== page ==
The G7 summit has opened with the focus firmly on the finance ministers and central bank governors as the world economy looks to the rich nation’s club for a lead. Hosts Britain will be seeking results under their stewardship.
“I’m certainly looking forward to an excellent G7 meeting, good discussions on recovery and moving from a three-speed recovery to a full speed recovery,” said the IMF’s Managing Director Christine Lagarde.
The summit comes at a time when there are signs of sustainable recovery coming from the United States, even if the picture in Europe remains bleak, and there are few signs of early change.
“The countries who will be turning up represent half of the world economy. The good news is some stability and confidence has come back into the global economy but we’ve got much more to do and for Britain we know as we’ve seen over the last few years that we’re very affected by what happens in our neighbours,” said UK finance Minister George Osborne.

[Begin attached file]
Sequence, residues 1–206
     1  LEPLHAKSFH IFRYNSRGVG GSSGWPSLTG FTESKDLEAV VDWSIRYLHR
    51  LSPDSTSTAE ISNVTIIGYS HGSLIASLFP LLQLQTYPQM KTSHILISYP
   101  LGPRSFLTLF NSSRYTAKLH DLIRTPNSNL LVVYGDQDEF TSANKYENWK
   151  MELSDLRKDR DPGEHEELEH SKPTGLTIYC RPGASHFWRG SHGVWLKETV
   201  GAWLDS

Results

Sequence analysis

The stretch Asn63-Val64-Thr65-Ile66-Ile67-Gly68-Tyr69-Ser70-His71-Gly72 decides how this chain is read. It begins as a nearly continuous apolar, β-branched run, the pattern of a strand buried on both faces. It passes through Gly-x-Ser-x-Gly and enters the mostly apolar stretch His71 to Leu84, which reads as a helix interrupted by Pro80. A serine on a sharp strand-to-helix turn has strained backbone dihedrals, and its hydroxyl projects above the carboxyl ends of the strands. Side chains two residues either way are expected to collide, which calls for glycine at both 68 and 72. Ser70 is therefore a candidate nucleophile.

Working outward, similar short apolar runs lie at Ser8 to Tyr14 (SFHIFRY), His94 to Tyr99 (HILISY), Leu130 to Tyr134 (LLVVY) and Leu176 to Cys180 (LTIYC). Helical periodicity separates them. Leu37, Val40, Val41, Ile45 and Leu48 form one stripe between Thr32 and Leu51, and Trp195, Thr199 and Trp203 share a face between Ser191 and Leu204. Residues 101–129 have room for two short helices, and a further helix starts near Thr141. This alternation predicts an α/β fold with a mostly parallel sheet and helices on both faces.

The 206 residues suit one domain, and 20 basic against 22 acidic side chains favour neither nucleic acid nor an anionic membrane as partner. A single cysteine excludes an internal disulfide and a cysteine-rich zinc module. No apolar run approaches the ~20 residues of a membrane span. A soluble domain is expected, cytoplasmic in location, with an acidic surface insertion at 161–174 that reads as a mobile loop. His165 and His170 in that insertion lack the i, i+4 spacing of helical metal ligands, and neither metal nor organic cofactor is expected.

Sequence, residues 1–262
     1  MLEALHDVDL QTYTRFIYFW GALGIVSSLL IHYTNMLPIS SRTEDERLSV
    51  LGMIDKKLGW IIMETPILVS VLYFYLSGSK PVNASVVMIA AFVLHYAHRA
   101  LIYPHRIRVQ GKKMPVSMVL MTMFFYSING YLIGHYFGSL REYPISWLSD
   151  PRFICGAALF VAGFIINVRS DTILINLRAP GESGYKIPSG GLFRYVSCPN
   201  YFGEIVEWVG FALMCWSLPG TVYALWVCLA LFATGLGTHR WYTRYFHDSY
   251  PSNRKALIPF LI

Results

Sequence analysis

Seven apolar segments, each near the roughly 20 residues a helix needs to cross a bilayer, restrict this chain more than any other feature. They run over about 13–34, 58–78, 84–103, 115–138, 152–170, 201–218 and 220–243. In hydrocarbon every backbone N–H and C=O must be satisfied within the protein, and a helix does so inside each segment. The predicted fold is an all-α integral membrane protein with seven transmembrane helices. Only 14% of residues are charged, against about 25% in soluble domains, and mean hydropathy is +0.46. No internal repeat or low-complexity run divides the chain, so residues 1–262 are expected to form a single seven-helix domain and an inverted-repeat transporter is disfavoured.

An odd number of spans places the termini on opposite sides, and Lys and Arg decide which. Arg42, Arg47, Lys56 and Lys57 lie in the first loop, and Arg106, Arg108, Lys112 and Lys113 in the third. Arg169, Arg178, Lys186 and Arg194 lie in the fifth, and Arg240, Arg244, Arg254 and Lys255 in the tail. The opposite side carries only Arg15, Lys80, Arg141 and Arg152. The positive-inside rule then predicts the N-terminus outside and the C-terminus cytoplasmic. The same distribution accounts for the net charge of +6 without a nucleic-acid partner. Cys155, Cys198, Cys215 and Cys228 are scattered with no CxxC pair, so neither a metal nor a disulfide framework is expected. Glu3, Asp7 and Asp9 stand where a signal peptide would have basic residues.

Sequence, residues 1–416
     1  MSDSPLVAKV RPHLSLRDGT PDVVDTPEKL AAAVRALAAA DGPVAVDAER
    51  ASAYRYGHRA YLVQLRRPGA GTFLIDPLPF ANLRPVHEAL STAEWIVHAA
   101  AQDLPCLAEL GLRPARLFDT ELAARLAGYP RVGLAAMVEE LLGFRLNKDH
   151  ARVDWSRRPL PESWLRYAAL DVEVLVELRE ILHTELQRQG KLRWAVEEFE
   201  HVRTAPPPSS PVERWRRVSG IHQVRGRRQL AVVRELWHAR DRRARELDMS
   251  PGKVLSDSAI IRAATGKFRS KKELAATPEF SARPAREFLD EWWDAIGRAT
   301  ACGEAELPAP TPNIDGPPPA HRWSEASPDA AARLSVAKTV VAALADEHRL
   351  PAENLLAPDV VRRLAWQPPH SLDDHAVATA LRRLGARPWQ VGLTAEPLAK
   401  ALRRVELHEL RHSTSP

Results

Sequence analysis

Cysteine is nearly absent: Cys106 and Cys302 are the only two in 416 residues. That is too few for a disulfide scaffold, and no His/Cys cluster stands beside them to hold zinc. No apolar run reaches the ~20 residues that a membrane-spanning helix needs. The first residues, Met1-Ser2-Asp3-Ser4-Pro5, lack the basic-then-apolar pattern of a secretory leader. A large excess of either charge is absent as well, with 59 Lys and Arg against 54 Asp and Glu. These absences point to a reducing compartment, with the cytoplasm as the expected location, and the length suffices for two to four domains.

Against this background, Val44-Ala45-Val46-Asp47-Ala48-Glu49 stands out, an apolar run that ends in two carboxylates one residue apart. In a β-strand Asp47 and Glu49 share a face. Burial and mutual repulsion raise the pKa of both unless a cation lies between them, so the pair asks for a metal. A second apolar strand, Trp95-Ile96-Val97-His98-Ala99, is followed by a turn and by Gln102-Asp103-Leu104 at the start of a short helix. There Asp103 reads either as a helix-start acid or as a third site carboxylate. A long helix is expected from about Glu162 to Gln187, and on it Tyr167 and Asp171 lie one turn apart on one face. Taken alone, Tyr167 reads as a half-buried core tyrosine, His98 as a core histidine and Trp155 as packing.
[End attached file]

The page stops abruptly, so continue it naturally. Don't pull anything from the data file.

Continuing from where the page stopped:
The role of central banks in stimulating growth and intervening more directly will be a major topic of discussion. So will the weakening yen, which has come about through just such an intervention, and is subject to scrutiny by those who fear it will price their exports out of the marketplace.
Wires > Business
- 20:48 CET Puerto Rico government bank misses payment, talking with creditors
- 20:28 CET Stocks, Treasury yields gain on investor optimism, factory data
- 20:04 CET EU trade chief declares love for Britain, vows tough line on China
- 19:15 CET Baker Hughes tries to reassure investors as Halliburton deal fails
- 19:00 CET BOJ’s Kuroda – Strengthening yen may hurt Japan’s economy
- 18:01 CET Slow progress on Greek reform, debt talks, May 9 deal unlikely -…
- 17:25 CET Ferrari nudges up earnings view, Marchionne becomes CEO
- 17:22 CET ECB has not sought access to Panama Papers